Master and Commander: The Far Side of the World

When battling a ship your crew calls “The Phantom” for its ability to simply appear and disappear at a whim not to mention it carrying a much stronger hull and wielding much more devastating guns, how do you defeat it? When unable to chase a dream specimen, a flightless bird no one else knows exists, how can you wait without being able to capture it? When trapped on a boat indefinitely with a crew that believes you are cursed and causing a drought, how do you live? How does man overcome myth?

As the enemy ship, the Acheron, floats in the ghostly fog just out of sight, the sounds of Bach can be heard consistently through Jack Aubrey and longtime friend Stephen Maturin’s cabin on Aubrey’s vessel, the Surprise. Their musical duet is a symbol of their friendship, for neither can play the piece alone.

Lord Nelson, a man now myth, is someone everyone on the ship looks up to. He is the hero Captain Aubrey always strives to be. Lord Nelson said once, when asked on a night watch if he wanted a blanket. He replied  “No, he didn’t need it. That he was quite warm. His zeal for his king and country kept him warm.” Captain Aubrey bases all his decisions on this man’s strategy and duty to country, but to a fault as his determination to duty threatens his humanity, ie his friendship with Stephen. Aubrey at this point is torn, he would rather follow myth than be man.

Meanwhile, Midshipman Hollom is facing his own myth. A curse, as it is believed by the crew, that is causing drought is brought unto their ship by Hollom. With no friends aboard the ship to defend him, Hollom succumbs to this myth and drowns himself. That scene is shot brilliantly for it portrays how Hollom is consumed by the blackness of the ocean as he descends. This consuming blackness is a metaphor for how he is consumed by both myth and loneliness. Hollom ceased to be a man at this point. From that point on people would only speak of the myth of the curse of Hollom.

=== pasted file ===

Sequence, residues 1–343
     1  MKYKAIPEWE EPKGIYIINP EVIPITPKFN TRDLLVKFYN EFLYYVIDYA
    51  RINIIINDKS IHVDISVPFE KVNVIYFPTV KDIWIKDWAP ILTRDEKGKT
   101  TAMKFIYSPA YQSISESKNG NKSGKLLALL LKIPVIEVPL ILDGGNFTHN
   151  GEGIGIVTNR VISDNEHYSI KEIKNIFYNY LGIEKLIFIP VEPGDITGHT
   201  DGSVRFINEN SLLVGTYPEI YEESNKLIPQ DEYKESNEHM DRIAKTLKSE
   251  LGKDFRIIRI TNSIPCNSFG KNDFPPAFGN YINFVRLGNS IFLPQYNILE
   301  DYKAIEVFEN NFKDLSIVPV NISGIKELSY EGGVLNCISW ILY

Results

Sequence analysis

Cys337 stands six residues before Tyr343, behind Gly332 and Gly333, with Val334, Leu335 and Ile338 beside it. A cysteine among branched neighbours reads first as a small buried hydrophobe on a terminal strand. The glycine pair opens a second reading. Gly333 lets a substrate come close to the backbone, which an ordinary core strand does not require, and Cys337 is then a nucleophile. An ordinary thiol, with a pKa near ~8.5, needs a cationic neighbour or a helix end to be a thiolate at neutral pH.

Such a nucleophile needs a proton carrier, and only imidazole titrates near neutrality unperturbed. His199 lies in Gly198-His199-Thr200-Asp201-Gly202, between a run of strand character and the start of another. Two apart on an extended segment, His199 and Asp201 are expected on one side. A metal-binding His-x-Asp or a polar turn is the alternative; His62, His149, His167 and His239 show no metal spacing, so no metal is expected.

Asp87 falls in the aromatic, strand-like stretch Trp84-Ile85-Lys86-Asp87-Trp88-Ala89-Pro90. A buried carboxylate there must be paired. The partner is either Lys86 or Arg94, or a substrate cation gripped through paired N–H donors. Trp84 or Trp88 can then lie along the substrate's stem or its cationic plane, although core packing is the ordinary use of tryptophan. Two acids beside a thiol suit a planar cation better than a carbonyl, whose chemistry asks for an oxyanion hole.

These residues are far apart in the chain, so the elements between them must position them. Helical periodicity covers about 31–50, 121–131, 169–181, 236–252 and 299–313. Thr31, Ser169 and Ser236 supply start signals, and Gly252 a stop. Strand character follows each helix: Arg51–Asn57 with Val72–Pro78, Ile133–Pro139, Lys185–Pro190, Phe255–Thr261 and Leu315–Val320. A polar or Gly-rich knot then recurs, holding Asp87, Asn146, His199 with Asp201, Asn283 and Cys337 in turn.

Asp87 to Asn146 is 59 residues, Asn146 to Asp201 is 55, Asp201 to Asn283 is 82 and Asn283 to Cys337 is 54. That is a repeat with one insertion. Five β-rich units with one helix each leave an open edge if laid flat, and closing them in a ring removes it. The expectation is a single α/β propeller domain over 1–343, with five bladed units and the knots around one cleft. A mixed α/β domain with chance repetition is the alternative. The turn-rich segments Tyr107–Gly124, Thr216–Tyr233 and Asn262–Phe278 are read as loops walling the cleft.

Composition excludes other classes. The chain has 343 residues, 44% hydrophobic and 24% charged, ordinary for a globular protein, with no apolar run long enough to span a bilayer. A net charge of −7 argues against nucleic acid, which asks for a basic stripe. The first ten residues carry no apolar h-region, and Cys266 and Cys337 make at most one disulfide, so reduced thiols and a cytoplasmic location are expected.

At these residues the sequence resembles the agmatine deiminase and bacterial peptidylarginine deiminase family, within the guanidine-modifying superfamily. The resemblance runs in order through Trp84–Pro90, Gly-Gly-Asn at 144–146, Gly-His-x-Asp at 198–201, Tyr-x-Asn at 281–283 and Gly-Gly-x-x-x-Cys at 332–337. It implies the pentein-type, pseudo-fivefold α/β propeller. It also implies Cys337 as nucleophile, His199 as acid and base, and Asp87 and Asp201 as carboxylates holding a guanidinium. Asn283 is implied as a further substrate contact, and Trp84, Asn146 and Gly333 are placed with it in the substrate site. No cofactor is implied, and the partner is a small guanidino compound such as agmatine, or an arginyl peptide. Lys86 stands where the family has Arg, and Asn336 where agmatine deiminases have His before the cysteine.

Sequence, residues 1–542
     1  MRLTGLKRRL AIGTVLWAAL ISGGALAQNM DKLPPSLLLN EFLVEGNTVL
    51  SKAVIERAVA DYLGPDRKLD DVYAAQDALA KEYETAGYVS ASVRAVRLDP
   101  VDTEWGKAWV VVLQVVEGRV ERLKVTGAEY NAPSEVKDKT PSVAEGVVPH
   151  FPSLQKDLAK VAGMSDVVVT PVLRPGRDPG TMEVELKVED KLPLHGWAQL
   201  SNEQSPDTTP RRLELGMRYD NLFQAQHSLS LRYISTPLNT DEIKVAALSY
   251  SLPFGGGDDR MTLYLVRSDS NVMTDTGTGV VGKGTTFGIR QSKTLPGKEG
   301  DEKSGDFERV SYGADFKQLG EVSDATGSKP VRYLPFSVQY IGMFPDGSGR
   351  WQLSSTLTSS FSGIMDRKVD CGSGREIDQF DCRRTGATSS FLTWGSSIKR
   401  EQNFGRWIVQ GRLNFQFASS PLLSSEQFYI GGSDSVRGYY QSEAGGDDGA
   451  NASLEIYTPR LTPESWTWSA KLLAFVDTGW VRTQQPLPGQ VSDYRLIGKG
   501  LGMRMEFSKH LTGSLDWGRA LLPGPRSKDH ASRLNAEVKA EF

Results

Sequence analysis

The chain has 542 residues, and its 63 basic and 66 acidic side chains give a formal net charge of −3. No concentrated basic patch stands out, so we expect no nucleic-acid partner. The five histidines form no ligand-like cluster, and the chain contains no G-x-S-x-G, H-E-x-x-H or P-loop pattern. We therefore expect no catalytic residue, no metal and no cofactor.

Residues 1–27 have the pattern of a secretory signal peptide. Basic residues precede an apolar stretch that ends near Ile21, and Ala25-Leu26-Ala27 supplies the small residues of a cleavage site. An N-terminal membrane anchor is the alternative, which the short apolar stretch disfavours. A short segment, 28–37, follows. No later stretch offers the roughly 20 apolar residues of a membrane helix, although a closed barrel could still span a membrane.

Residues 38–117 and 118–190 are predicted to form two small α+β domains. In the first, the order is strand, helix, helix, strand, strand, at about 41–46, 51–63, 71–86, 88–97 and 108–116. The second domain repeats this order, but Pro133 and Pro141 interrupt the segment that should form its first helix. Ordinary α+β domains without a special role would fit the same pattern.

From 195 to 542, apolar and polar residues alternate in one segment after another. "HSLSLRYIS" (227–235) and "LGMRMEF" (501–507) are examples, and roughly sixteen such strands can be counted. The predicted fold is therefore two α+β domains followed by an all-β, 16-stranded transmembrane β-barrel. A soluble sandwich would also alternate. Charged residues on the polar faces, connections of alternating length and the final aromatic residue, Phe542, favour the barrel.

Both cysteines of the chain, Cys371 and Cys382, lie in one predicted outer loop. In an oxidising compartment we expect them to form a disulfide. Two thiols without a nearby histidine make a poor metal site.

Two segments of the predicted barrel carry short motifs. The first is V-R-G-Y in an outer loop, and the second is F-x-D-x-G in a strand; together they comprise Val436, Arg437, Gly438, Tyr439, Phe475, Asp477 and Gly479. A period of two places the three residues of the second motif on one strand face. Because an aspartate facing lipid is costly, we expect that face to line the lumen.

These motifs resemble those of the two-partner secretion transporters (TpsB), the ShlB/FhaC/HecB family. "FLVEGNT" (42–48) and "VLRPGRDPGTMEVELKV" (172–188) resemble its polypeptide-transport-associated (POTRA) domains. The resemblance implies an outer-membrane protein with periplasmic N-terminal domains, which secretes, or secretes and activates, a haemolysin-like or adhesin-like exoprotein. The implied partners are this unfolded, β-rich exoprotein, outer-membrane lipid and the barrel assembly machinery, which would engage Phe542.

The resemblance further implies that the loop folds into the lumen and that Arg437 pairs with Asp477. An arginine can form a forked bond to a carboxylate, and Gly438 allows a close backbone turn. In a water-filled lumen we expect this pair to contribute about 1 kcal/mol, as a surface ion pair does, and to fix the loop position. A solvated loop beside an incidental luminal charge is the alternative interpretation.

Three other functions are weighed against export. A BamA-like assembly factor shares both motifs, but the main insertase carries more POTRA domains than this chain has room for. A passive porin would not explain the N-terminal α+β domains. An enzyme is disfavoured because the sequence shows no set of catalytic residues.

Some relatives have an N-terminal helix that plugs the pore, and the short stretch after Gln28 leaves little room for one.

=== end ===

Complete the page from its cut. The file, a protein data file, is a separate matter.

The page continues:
Aubrey learns as the movie progresses that a balance of his friendship with Stephen and the taking of the “Phantom” Acheron is needed if he is to survive. So he retreats to the Galapagos where Stephen spotted his bird in an attempt to mend their friendship. Then, although Stephen never does find his mythical bird, what he does salvage from his trip to the Galapagos is a phasmid, stick bug. Aubrey then makes use of this balances as he incorporates Stephen’s phasmid specimin as a reference for battle strategy by cloaking themselves as whalers, which due to another newfound friendship with a shipwrecked bunch, he learns The Acheron has a penchant for. Aubrey replaces the strategy of the mythical Lord Nelson with strategy learned from his friendship his friend and doctor.

So what is the lesson here? These myths are extremely daunting on these men’s lives, so much so that by the end of the film none of them actually do overcome any of the myths domineering their lives. Stephen never finds his bird, Hollom obviously succumbs to his myth and Aubrey never rightly captures the Acheron nor does he ever use Lord Nelson’s strategy or live up to his dutifulness. But the end of the film leaves our heroes on a musical note of hope (beautiful piece btw ‘La Musica Notturna Delle Strade Di Madrid’ No. 6, Op. 30) as together as friends Stephen and Aubrey play their music, on their way to recapturing the Acheron and, a bit later, Stephen’s bird. Friendship is what Hollom lacked and that was his downfall. Without friendship man can never overcome myth.

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